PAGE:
Google Chief Eric Schmidt Endorses NFC

Nov 17 2010

There was little surprise at Google CEO Eric Schmidt’s announcement Monday that the next version of the company’s mobile operating system, Android, would support NFC.

NFC industry sources have expected the next Android specifications to support NFC, since a number of phone makers are planning Android models with NFC chips inside for 2011.

What was unexpected was that the Google chief would be carrying around an NFC-enabled Android smartphone, ready to talk about the technology’s benefits. Schmidt did just that when he pulled out an unidentified smartphone model at the Web 2.0 Summit in San Francisco. "This could replace your credit card," he was quoted as saying.

The new Android version, 2.3, dubbed Gingerbread, will be out in a few weeks, Schmidt said. Phones supporting the new version would also have to carry an NFC chip, of which many will not. Update: It was unclear, however, whether the NFC middleware specified in the new Android version was specific to chips from one vendor or would support all NFC chips. Rumors have it that the protocol stack and application programming interface or API, supports an NXP Semiconductors chip. Using NFC chips from other suppliers would require more development work. End Update.

It’s a matter of debate whether the phone Schmidt showed is one Google itself plans to introduce, though the CEO was at pains to say there would be no follow-up to the Nexus One Android phone Google tried unsuccessfully to market online earlier this year. Nonetheless, most of the handset bloggers writing about the interview believe the phone Schmidt held up was a Samsung model, calling it the "Nexus S," after Samsung's Galaxy S.

But such Android handset makers as HTC, LG Electronics, Samsung and Motorola are expected to introduce NFC Android models, in part in response to demand from U.S. mobile carriers planning to launch a new mobile-payment service. The Google chief also confirmed that the Web giant is working on applications for NFC, though declined to elaborate.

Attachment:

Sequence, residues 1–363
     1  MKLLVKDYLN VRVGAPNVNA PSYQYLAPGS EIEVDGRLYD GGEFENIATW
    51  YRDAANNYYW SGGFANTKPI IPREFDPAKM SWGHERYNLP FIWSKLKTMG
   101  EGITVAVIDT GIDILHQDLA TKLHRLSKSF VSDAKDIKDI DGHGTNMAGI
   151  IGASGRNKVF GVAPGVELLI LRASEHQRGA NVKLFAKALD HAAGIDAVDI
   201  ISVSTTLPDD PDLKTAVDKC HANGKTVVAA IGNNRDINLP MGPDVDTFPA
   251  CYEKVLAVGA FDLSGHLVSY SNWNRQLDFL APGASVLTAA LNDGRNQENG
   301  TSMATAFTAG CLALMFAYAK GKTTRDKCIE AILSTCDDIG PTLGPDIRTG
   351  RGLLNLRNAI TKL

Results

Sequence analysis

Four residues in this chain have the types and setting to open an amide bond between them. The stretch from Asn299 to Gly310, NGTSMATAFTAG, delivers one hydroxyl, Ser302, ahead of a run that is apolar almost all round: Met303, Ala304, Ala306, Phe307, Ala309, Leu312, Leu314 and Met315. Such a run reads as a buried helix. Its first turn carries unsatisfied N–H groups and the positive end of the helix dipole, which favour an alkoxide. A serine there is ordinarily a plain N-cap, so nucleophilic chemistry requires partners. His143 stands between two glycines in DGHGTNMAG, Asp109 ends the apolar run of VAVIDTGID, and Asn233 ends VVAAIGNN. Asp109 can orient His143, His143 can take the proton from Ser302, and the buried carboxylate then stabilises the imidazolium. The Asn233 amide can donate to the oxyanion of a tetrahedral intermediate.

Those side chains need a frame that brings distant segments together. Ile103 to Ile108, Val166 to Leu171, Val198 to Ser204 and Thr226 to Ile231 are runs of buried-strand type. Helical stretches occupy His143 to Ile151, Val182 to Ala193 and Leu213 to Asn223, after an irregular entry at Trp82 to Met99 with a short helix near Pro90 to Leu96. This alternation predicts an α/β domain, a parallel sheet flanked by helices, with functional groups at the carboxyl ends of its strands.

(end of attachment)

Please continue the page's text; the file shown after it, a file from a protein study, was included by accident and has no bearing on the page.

The enthusiastic endorsement of NFC by Schmidt is “huge news,” said Einar Rosenberg, chief technology officer for NFC application house Narian Technologies. It would be dwarfed, however, by news that Apple was planning to incorporate NFC in its next iPhone. There is no word yet on that.

But EE Times reported that Research in Motion’s co-CEO Jim Balsillie confirmed in a separate Web 2.0 session that at least some forthcoming BlackBerry handsets would support NFC. “We’d be fools not to use it,” he was quoted as saying.

There is increased demand for embedded secure chips in NFC phones, chip vendors have told NFC Times, and the speculation is that smartphone platform suppliers, such as Microsoft with its Windows Phone, Google, RIM and Apple, along with handset makers, such as Nokia, hope to have a say–and in some cases perhaps take a cut of proceeds–from some of the apps downloaded to the phones. RIM and Apple are both mobile platform and handset suppliers.

The control of the secure apps may or may not include payment. Schmidt said Google does not have any deals working with merchants for conducting payment from Android phones, according to the UK-based Telegraph. Google also does not exercise as much control over its apps and operating system as the other companies.

But Google does have a number of employees–by one estimate, 20–working on NFC mobile wallets and other applications, a source told NFC Times. The Web giant could enable payment by credit card companies or merchants or by network-based payment schemes while earning revenue through mobile advertising, say observers.

Article comments

pkrishna Nov 21 2010

Does anybody know the technology being used for the NFC - is it HF or UHF ?

Please register or login to post a comment.


Australian Transit Agency to Launch Mobility-as-a-Service Trial as It Pursues Long-Term MaaS Strategy